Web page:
Series of failures led to fatal Niger ambush


A series of individual and organisational failures, including lack of training and situational awareness, contributed to a deadly ambush in Niger last year that killed four US soldiers, a partial Pentagon report said.

The October ambush by a local Islamic State affiliate brought increased scrutiny of the US counter-terrorism mission in the West African country and the report will raise more questions about US military operations on the continent.

President Donald Trump’s handling of condolence messages to the families of the dead US soldiers was criticised by lawmakers in Washington and raised the profile of the incident.
“The investigation identifies individual, organisational and institutional failures and deficiencies that contributed to the tragic events of 4 October 2017 … no single failure or deficiency was the sole reason for the events,” an eight-page summary of the report says. A redacted version of the complete report may not be publicly released for months.

The report did not assign blame, but said recommendations were made to US Special Operations Command on actions that could be taken against personnel. The top US military official in Africa said ultimately he was responsible.
“I take ownership for events connected to the ambush of 4 October. Again, the responsibility is mine,” Marine General Thomas Waldhauser, head of US Africa Command, said during a Pentagon press briefing.

Before the US Special Operations Forces Team arrived in Niger, high personnel turnover prevented the team from carrying out important pre-deployment team training, the report found.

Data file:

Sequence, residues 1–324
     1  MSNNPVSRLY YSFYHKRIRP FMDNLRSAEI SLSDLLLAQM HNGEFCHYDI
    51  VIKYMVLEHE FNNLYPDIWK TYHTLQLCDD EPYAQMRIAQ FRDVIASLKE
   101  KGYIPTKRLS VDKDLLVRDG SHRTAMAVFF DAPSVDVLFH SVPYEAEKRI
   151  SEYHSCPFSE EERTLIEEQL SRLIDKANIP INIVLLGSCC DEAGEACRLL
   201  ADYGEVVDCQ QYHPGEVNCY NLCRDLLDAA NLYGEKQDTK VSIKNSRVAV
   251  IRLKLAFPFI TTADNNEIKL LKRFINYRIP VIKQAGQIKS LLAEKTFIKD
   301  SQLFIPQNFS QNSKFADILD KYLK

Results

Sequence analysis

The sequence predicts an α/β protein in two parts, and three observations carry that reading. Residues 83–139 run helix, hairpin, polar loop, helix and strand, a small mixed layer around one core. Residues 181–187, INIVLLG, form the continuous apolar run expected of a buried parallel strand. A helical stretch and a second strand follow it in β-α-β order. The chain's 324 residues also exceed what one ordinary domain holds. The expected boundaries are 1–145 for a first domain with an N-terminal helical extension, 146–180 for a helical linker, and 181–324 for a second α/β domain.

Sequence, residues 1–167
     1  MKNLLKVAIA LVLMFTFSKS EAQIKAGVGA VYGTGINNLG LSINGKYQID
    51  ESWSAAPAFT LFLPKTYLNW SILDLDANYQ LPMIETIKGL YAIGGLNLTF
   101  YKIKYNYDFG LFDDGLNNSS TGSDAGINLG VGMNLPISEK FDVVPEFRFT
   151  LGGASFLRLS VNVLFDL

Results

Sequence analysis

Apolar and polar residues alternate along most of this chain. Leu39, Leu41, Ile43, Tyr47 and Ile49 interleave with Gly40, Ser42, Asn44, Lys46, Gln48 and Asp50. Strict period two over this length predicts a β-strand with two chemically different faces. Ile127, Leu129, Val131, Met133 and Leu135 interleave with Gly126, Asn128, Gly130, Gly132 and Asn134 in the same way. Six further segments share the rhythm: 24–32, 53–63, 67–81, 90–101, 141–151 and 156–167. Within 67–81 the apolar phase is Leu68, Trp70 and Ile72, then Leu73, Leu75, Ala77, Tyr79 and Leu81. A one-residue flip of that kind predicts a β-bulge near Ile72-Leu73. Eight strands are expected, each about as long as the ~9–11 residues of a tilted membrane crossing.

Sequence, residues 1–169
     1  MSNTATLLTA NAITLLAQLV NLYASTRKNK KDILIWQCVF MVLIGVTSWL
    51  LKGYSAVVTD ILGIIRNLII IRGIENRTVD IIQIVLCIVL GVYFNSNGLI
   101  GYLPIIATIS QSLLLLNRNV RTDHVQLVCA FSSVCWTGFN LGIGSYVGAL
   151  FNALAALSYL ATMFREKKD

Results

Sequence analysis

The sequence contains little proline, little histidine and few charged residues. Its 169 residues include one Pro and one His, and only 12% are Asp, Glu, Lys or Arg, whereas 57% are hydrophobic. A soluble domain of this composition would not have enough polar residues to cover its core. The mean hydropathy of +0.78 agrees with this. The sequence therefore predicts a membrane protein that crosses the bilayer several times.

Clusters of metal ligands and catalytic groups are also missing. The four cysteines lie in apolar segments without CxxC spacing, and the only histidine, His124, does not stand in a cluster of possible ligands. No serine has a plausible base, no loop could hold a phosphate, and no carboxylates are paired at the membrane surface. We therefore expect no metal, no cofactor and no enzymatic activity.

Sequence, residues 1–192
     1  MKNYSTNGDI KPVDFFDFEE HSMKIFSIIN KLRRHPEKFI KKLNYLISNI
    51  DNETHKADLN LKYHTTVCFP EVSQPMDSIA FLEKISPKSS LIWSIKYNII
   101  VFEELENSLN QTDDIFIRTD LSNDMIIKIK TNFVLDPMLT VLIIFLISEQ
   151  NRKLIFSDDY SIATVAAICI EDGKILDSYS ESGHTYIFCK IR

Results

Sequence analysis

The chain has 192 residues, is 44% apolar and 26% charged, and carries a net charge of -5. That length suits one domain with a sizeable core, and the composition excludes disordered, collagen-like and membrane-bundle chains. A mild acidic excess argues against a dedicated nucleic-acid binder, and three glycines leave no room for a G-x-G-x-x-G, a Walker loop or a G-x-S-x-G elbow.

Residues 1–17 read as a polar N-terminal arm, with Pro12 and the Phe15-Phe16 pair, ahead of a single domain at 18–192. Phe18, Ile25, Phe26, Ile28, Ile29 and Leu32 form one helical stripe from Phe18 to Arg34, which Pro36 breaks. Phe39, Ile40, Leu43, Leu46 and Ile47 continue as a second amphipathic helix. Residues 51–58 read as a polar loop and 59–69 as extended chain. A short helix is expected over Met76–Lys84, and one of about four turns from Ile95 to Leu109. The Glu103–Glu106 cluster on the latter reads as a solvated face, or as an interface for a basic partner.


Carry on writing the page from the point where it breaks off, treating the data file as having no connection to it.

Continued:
Only half the team trained together when it arrived in Niger in the fall of 2017.

On October 3, the Special Forces team, along with partner Niger forces, set out to target a key Islamic State militant near Tiloa village. The team had not trained for the mission and did not notify higher-level commanders it would be undertaking it.

While the team mischaracterised this mission, the report did not find a direct link between that and the ambush that killed the four US soldiers.

The top US general said last year the team was on a reconnaissance mission.

On the way back to base, after carrying out a separate intelligence gathering mission, the team stopped at Tongo Tongo village to resupply. It was then US soldiers, along with their Nigerien partners, were ambushed by militants.

The report and a 10-minute video shown to reporters details the gun battle and how at one point US Army Sergeant La David Johnson sought to run away from the militants after he was unable to enter his vehicle. He was killed 1,000m from the vehicle.

Evidence shows all four soldiers were stripped of serviceable equipment and militants attempted to take the bodies with them.

Two bodies were in the back of a militant vehicle and one body next to it, said Army Major General Roger Cloutier, who led the investigation into the ambush.

As a result of the October incident, US forces in Africa would now be more “prudent” in carrying out missions and improvements have been made in areas such as firepower and equipment, response times and level of intelligence provided, Waldhauser said.